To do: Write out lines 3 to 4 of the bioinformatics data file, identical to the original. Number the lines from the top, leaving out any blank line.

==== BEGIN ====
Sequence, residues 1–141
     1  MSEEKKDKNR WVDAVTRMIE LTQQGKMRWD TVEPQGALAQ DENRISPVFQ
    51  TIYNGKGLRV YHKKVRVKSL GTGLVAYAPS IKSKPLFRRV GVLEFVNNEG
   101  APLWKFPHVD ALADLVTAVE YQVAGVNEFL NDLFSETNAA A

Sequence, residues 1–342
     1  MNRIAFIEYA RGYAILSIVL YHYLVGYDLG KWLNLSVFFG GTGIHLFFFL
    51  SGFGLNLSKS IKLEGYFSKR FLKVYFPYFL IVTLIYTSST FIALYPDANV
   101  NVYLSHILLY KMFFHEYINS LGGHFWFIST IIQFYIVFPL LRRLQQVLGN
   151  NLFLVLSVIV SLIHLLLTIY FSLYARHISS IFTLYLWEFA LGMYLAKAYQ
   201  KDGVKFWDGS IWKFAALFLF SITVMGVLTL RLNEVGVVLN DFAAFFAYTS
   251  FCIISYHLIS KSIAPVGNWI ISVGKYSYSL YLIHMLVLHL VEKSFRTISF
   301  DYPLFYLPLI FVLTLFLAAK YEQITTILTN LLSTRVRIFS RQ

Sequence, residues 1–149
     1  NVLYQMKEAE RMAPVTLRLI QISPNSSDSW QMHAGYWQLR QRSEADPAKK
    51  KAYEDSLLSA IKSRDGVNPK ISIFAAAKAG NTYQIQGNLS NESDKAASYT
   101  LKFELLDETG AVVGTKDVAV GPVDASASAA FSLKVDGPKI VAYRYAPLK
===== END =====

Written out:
    51  TIYNGKGLRV YHKKVRVKSL GTGLVAYAPS IKSKPLFRRV GVLEFVNNEG
   101  APLWKFPHVD ALADLVTAVE YQVAGVNEFL NDLFSETNAA A